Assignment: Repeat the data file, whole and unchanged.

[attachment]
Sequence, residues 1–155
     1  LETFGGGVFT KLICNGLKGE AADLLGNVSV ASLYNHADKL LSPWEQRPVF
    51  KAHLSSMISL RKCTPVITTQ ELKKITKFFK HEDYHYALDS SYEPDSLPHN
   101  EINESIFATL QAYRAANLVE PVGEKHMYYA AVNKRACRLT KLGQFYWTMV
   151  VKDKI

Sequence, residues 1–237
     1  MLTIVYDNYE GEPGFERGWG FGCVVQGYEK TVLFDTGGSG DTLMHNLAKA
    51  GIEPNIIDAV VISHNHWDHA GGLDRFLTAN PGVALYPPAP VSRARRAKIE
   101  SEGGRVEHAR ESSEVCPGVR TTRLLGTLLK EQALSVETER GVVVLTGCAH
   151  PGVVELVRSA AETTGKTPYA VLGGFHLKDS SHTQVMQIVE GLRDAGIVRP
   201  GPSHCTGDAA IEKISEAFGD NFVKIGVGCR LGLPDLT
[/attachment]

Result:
Sequence, residues 1–155
     1  LETFGGGVFT KLICNGLKGE AADLLGNVSV ASLYNHADKL LSPWEQRPVF
    51  KAHLSSMISL RKCTPVITTQ ELKKITKFFK HEDYHYALDS SYEPDSLPHN
   101  EINESIFATL QAYRAANLVE PVGEKHMYYA AVNKRACRLT KLGQFYWTMV
   151  VKDKI

Sequence, residues 1–237
     1  MLTIVYDNYE GEPGFERGWG FGCVVQGYEK TVLFDTGGSG DTLMHNLAKA
    51  GIEPNIIDAV VISHNHWDHA GGLDRFLTAN PGVALYPPAP VSRARRAKIE
   101  SEGGRVEHAR ESSEVCPGVR TTRLLGTLLK EQALSVETER GVVVLTGCAH
   151  PGVVELVRSA AETTGKTPYA VLGGFHLKDS SHTQVMQIVE GLRDAGIVRP
   201  GPSHCTGDAA IEKISEAFGD NFVKIGVGCR LGLPDLT